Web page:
Once in the misty yonder someone died. No one noticed.
Sally was a mountaineer. Mountains were her life. She could not imagine a life without them. Not only mountains but the wild places too. Places where you could see the raptors soaring into the sky, their wings beating powerfully and majestically.
Not only did Sally love mountains and birds but she loved cycling too, with the sun and the breeze on her face. Wind and rain presented more of a problem, but Sally still got on her cycle and rode miles.
Life took a very different turn for her when tragedy struck. Tragedy in a number of different forms. The final one was when she got cancer. When discovered it was very advanced, and tumours had developed all over her body, some, in very dangerous and crucial places. It was thought at this stage that she would die. Chemotherapy was administered in the hopes of saving her.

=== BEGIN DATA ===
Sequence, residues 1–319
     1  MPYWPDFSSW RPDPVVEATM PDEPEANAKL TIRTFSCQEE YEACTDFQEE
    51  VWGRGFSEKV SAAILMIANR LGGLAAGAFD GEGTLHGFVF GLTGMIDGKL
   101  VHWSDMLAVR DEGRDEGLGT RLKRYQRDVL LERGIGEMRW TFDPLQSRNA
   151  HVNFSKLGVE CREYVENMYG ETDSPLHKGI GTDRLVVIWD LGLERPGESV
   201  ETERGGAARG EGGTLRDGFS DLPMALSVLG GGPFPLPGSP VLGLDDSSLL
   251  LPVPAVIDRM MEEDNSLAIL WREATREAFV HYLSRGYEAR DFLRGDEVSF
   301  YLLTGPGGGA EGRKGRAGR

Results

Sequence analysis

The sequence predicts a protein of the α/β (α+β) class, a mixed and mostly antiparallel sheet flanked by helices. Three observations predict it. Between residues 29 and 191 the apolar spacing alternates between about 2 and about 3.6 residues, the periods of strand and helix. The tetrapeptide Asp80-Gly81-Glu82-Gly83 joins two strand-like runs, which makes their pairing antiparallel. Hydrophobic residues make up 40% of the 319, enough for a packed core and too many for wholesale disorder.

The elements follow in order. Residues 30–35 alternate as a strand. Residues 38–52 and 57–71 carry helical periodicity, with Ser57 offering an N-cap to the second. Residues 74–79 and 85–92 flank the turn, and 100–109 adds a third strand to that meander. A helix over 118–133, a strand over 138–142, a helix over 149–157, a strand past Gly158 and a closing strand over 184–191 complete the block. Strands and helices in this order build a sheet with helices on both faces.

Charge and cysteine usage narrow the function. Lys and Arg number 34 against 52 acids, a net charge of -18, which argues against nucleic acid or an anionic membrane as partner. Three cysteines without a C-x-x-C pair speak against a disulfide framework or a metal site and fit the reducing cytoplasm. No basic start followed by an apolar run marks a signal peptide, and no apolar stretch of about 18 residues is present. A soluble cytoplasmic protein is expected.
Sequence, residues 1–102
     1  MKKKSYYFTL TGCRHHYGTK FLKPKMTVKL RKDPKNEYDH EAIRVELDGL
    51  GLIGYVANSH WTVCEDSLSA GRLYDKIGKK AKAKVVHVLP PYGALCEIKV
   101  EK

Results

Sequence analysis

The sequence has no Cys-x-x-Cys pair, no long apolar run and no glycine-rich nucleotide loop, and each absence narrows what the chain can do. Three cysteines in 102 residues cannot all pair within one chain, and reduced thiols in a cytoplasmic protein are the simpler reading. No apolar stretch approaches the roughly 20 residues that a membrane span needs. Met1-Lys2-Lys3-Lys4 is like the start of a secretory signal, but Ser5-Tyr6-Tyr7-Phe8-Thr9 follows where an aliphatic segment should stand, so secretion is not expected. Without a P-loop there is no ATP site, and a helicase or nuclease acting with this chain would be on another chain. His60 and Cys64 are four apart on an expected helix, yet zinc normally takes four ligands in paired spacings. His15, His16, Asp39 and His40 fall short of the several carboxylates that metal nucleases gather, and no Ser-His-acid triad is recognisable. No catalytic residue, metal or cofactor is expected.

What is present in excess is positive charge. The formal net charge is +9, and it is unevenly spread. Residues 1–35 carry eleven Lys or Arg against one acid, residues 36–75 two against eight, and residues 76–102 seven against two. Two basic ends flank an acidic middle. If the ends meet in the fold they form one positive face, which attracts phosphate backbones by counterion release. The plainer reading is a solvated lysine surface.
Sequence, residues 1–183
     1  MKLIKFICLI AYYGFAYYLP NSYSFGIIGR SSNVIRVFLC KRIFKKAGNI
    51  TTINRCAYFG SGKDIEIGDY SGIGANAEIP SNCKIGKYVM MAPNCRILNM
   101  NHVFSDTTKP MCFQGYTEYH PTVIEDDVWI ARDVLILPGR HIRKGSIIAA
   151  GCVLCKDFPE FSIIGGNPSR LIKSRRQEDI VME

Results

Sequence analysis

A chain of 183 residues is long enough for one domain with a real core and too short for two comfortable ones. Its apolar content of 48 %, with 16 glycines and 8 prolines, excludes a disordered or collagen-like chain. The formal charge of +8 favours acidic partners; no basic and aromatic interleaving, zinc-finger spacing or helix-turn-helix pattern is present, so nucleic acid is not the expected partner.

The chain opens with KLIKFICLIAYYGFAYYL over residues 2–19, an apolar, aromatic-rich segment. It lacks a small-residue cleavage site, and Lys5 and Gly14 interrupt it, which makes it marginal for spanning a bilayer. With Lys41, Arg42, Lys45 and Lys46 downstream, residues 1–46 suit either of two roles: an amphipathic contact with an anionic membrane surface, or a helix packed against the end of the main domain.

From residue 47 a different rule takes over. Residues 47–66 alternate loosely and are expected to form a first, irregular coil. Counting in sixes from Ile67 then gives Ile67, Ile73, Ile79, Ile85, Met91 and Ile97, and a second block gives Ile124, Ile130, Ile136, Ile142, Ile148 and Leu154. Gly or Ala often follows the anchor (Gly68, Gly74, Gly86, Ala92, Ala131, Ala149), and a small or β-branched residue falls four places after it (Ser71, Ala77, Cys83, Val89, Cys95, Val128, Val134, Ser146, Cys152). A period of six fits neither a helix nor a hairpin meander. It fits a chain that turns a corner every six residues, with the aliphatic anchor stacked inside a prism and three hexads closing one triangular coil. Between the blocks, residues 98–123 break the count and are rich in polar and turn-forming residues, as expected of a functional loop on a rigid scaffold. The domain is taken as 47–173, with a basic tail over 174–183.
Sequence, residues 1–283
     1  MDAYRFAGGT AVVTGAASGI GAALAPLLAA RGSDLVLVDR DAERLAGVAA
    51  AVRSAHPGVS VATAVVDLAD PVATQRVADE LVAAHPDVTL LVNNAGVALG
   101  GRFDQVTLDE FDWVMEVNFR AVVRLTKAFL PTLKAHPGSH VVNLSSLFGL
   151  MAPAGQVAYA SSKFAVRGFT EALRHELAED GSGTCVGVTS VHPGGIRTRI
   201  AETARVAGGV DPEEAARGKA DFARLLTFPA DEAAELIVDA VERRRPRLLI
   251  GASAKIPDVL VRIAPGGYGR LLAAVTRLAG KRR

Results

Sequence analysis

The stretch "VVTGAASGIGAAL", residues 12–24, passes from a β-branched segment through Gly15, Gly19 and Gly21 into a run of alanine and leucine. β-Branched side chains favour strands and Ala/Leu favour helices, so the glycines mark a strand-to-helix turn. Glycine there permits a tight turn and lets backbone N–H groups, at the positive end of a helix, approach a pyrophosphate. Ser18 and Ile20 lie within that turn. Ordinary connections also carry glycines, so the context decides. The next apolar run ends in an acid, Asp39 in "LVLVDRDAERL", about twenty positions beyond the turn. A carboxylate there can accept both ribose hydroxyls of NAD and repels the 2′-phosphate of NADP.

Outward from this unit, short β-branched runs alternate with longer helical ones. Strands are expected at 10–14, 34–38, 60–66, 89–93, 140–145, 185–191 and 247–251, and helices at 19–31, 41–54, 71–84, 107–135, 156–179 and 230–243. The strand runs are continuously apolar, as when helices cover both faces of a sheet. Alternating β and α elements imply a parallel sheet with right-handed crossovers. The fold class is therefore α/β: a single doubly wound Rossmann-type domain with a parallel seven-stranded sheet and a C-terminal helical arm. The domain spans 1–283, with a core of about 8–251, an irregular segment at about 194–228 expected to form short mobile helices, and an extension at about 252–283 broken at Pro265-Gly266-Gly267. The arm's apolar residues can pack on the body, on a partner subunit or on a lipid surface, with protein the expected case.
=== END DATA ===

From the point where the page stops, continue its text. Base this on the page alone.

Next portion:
After a very gruelling eight months of chemotherapy, during which Sally suffered greatly, the tumours had gone, but she had been left virtually blind and unable to walk. She would never see her beloved mountains again, nor get on her cycle. Not only that, but people could not understand her growing blindness, and life became a battle ground as she strove to keep human relationships going. Never a moaner, she was always smiling, and making people laugh. But now, people avoided her.
Sally became more and more cut off from life and human relationships. She woke in a morning to a growing fog that obscured everything that she had once known. She began to grieve – deeply. No one knew. No one ever gave her the chance to talk about these things. Inside, she was bursting. Bursting with pain, and bursting to talk. Just talk. Nothing and no one could fix her or fix things for her, but there were those who could not accept this, and then blamed Sally because they were not fixed, almost as if she was doing this to herself.
Sally fell deeper and deeper into blackness and depression. Isolation ate into her until some days she was almost screaming. The only thing that could pierce this darkness was the birdsong in a morning. But even that was not enough to save her. Her feelings of hopelessness grew and grew as she tried to reach out to people. But she became misunderstood as attention seeking. This added pain was too much for Sally. The mist took her, and she was no more.